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What Happens to Mueller’s Trump-Russia Probe Under a Government Shutdown?

Special counsel Robert Mueller

By Steve Neavling
ticklethewire.com

If the U.S. Senate can’t avert a government shutdown by ending a spending impasse by midnight Friday, the special counsel investigation into possible collusion between the Trump campaign and Russia won’t be impacted, according to the Justice Department.

That’s because all employees working on the special counsel probe are exempt from furlough since their paychecks don’t come from annual appropriations.

“All employees with the Special Counsel’s Office are considered exempt and would continue their operations in the case of a lapse in appropriations,” Justice Department spokesman Ian Prior told The Hill

Late Thursday, the U.S. House approved a short-term extension on government funding to allow the Senate an opportunity to reach an agreement by midnight to avert a shutdown.

But many Democrats emphatically pledged to reject the GOP plan without concessions that would prevent the deportation of younger immigrants who were brought to the country illegally.

Although Republicans have a majority in the Senate, the funding bill requires 60 votes to overcome a Democratic filibuster.


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Off-Duty Border Patrol Agent May Have Acted in Self-Defense in Fatal Shooting

By Steve Neavling
ticklethewire.com

An off-duty Border Patrol agent suspected of fatally shooting a 33-year-old man over the weekend in El Paso, Texas, may have been acting in self-defense, a spokesman told the El Paso Times on Thursday. 

Police were called to an aggravated assault at 4:30 a.m. Sunday when they found Juan Daniel Jacques shot to death.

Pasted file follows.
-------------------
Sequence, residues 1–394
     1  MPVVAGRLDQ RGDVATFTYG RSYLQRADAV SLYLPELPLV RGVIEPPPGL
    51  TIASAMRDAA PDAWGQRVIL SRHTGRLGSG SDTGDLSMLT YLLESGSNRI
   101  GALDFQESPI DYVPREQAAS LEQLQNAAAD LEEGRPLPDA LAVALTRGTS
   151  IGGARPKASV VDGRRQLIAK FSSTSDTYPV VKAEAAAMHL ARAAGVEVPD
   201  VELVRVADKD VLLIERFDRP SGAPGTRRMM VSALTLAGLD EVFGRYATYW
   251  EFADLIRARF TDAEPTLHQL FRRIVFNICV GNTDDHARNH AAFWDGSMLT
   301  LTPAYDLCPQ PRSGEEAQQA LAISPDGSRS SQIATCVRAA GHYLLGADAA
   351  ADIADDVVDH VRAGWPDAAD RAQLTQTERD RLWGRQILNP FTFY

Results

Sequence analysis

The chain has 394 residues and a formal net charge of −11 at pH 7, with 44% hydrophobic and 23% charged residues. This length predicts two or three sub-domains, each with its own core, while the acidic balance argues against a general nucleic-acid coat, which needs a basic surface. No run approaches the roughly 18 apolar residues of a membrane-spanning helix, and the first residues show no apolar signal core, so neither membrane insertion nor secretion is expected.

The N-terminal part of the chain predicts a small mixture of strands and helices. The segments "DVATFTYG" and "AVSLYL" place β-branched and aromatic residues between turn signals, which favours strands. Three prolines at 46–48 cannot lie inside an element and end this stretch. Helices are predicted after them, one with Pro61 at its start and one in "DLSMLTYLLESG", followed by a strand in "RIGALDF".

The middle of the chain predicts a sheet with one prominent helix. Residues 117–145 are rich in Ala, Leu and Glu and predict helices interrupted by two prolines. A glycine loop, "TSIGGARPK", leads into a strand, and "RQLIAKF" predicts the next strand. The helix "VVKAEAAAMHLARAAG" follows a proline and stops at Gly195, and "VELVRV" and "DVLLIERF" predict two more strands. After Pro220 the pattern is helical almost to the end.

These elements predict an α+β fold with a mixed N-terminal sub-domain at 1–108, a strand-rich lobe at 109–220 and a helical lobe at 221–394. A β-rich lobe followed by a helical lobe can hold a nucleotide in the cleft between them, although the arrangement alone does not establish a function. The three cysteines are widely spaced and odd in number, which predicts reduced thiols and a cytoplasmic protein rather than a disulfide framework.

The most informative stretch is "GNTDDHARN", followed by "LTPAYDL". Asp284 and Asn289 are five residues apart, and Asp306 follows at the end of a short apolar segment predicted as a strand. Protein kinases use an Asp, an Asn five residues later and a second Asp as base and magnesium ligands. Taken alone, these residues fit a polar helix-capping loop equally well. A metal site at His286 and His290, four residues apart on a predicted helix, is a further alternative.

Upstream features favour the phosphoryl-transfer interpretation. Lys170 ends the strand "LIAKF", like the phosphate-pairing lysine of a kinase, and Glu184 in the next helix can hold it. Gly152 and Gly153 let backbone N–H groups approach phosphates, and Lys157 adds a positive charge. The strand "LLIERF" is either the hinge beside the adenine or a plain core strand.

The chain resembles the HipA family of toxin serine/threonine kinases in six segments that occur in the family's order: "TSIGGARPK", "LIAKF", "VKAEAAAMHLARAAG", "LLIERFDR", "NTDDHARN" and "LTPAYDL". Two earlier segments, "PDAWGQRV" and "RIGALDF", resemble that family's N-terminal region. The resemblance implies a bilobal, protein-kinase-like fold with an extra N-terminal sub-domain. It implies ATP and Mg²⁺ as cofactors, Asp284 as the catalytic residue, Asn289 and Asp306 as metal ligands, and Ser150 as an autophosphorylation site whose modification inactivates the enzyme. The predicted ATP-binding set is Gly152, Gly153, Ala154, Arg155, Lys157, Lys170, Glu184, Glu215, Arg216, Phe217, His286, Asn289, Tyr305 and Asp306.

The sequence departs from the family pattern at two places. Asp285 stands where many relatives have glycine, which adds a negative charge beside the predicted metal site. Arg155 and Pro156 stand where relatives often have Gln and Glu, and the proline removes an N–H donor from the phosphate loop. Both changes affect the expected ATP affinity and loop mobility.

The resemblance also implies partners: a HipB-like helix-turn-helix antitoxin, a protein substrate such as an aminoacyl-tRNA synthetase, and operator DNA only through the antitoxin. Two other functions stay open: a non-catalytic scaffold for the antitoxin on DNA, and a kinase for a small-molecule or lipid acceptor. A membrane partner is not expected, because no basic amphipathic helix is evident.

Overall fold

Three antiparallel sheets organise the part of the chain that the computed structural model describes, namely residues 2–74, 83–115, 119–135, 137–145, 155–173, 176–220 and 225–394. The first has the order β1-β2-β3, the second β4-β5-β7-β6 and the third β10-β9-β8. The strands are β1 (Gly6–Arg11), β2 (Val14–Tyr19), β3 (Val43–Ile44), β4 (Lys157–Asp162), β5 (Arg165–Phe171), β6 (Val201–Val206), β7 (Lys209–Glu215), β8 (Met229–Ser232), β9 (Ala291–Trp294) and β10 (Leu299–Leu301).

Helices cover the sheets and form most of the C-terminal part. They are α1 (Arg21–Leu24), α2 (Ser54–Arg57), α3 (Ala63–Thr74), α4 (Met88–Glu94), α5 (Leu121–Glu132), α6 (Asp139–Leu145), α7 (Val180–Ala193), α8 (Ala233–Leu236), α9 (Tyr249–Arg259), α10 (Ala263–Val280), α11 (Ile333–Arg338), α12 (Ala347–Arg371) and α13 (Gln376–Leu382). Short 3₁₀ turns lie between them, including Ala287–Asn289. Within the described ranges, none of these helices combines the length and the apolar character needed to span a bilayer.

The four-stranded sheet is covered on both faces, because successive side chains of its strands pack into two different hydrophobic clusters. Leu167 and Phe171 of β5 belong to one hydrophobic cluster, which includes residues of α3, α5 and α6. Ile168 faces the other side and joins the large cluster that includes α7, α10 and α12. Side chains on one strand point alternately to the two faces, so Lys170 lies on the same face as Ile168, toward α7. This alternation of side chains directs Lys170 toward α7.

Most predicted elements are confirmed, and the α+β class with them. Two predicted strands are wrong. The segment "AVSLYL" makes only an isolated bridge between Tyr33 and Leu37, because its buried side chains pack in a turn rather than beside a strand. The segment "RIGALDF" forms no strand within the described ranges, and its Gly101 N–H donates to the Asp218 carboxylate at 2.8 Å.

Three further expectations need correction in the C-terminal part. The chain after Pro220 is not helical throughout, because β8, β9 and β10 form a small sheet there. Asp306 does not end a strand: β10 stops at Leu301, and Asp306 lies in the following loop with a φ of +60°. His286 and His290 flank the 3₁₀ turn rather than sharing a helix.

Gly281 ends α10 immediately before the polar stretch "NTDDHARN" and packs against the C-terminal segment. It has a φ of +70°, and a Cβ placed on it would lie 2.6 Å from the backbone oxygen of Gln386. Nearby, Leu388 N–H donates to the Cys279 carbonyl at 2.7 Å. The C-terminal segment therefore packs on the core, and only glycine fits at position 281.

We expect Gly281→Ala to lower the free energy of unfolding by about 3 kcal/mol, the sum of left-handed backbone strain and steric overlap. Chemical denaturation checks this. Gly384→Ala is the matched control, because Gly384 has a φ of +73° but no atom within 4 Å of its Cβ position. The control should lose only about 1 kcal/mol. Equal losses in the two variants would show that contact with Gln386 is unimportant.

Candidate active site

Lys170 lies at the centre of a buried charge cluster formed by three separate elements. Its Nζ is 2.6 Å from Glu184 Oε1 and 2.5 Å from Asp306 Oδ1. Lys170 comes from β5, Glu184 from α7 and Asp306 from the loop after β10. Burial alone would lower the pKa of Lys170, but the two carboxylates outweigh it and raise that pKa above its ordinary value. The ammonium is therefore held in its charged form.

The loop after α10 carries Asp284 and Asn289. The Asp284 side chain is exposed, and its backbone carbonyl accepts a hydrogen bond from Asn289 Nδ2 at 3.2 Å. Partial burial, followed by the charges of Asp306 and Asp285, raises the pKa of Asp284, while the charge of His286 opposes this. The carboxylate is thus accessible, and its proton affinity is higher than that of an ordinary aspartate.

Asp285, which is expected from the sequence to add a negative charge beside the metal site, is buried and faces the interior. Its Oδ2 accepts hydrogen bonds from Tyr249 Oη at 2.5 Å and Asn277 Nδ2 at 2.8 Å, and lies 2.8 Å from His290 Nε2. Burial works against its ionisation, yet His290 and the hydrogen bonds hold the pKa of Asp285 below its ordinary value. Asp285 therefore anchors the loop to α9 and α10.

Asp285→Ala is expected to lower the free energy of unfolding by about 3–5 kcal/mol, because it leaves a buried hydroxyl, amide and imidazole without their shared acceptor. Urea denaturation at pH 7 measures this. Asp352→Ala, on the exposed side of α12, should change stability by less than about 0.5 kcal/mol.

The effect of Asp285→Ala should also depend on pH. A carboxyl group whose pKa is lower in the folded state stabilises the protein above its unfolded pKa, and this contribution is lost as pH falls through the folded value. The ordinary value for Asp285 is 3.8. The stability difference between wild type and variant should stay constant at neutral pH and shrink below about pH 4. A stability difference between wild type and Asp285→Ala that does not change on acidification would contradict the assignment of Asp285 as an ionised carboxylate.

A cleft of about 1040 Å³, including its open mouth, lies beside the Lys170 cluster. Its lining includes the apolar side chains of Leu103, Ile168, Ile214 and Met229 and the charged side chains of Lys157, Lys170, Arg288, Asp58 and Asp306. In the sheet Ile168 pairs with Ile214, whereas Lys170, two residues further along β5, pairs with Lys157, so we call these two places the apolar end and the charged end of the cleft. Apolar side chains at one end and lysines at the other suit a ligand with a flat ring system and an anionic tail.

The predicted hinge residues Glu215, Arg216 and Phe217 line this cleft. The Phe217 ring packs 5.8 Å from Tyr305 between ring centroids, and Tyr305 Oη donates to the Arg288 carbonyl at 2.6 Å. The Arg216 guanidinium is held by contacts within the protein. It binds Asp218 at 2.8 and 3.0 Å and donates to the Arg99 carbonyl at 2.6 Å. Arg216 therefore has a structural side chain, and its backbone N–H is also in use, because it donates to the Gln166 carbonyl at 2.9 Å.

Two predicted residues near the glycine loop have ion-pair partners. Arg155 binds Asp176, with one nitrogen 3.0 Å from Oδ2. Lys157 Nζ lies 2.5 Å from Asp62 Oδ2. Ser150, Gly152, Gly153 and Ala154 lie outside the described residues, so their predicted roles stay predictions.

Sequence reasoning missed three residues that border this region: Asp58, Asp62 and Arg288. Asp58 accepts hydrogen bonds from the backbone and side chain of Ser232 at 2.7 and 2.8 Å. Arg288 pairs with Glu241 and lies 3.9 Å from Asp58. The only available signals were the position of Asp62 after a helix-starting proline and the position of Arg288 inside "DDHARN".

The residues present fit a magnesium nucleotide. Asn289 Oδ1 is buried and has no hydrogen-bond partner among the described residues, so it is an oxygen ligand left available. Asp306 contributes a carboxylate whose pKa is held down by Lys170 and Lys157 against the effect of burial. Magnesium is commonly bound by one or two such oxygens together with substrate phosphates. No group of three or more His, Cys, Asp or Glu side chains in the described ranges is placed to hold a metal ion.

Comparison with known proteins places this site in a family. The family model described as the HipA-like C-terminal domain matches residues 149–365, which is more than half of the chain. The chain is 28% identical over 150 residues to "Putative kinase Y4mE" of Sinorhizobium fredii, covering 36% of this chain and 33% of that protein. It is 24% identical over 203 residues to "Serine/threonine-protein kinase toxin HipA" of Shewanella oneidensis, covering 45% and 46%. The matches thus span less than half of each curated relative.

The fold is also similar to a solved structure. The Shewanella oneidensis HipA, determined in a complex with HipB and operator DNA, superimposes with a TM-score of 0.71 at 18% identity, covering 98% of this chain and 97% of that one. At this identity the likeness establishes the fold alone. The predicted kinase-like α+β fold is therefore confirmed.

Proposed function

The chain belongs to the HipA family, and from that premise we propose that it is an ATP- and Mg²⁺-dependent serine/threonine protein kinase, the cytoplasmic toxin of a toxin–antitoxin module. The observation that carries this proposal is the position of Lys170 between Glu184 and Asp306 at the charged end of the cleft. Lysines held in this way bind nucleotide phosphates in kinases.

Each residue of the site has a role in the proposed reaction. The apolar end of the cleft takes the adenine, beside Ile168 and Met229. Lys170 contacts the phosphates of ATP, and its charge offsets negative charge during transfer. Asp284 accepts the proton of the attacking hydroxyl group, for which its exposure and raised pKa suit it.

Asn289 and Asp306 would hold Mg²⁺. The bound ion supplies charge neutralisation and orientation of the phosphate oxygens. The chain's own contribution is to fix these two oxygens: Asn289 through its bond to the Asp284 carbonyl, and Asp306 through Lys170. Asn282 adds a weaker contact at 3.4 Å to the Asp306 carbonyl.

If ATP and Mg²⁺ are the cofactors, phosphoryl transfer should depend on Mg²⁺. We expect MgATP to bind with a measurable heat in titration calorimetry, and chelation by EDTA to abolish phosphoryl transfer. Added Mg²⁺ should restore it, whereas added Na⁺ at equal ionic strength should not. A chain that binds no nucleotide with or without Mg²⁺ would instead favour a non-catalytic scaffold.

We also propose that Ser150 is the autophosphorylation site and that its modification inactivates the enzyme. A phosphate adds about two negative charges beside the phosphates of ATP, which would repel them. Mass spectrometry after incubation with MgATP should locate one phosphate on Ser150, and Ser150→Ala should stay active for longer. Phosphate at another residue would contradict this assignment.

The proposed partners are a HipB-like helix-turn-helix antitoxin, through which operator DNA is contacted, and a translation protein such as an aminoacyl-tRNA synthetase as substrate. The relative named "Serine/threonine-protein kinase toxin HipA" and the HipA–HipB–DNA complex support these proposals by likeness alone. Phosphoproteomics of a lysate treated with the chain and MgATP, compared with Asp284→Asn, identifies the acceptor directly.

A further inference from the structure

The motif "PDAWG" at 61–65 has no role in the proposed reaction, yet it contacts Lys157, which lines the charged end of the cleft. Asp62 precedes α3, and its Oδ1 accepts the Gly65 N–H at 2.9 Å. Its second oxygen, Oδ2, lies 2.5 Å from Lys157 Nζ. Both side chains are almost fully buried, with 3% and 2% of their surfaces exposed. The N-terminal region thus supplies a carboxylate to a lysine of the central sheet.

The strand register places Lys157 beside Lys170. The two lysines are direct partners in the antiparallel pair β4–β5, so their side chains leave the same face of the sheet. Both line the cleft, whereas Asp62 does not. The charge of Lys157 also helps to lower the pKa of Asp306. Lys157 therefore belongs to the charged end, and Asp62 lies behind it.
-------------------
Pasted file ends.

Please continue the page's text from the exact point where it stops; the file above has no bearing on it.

Authorities identified the agent as Luis Chavez, who has not been arrested but is under investigation by the El Paso County Sheriff’s Office.

“The exact details of this case are still under investigation,” sheriff’s spokesman Luis Chavez said. “We are investigating all motives of this homicide, to include the possibility of self-defense. No arrests have been made as of yet.” 

Border Patrol leaders also are investigating to determine whether administrative action is warranted against the agent.


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FBI Investigating Whether Suspected Russian Mobster Funneled Money to NRA to Help Trump During Election

Russian banker Alexander Torshin, via Wikipedia

By Steve Neavling
ticklethewire.com

The FBI is investigating whether a Russian banker with ties to the Kremlin, mobsters and money laundering illegally funneled money to the National Rifle Association to help Donald Trump win the presidency.

Two sources familiar with the investigation told McClatchy that FBI counterintelligence investigators are scrutinizing the activities of Aleksander Torshin, who has been described as a godfather of a major Russian criminal organization.

Torshin, a leading figure in President Vladimir Putin’s party, is a lifetime member of the NRA. Authorities said Torshin met with Trump’s son, Donald Trump Jr., at an NRA event in Kentucky in May 2016, when his father won an early endorsement from the gun-rights group.